Three are still recovering from gunshot wounds, but all seven former POWs were radiating smiles, reports CBS News Correspondent Richard Roth.
Delivering thanks for Americans' support, former prisoner Chief Warrant Officer David Williams gave a nod to GI's whose war isn't over yet.
"I'd just like to remind everyone to say a special prayer for all those who are still fighting on the American fence," he said.
Williams was one of two army pilots captured when their helicopter went down March twenty-fourth.
The five other soldiers were ambushed the day before when their maintenance convoy apparently took a wrong turn. Nine others from their unit were killed.
They'll be back in Texas Saturday, thanks to the rescue mission that swept them to safety -- and military doctors who say they're in good shape.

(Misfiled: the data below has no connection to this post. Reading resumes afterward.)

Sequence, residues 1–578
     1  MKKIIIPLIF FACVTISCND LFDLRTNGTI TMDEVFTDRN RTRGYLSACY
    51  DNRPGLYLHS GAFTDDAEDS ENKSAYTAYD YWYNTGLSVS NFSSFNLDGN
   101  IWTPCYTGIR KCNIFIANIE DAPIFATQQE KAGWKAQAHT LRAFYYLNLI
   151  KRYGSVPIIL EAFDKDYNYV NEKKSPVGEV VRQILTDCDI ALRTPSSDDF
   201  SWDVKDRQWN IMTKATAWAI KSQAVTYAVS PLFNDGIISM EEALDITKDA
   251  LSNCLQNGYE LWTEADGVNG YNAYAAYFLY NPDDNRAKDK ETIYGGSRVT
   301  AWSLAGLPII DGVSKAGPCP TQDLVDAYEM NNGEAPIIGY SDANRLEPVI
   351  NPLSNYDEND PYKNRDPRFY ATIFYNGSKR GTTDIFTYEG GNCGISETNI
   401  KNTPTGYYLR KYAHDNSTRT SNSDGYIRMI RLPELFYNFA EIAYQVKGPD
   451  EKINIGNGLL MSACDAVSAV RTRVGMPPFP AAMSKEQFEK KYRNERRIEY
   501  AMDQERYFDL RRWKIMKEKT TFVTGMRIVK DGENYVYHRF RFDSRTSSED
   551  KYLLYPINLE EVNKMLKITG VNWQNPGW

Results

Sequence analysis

With less worry about the former prisoners' health now, there is still concern about what happened -- and, what the military can learn from it.
Since their arrival in Germany Wednesday night, the soldiers' well-being has stayed the army's priority. But debriefing former prisoners may help avoid some future ones.
"I wouldn't say that they're here to explain what went wrong, said Landstuhl Medical Center's Col. David Rubenstin. "They are sitting down and talking about the entire process in order to ensure that we can learn lessons."
The army says it's also been giving these soldiers some advice: on coping with celebrity.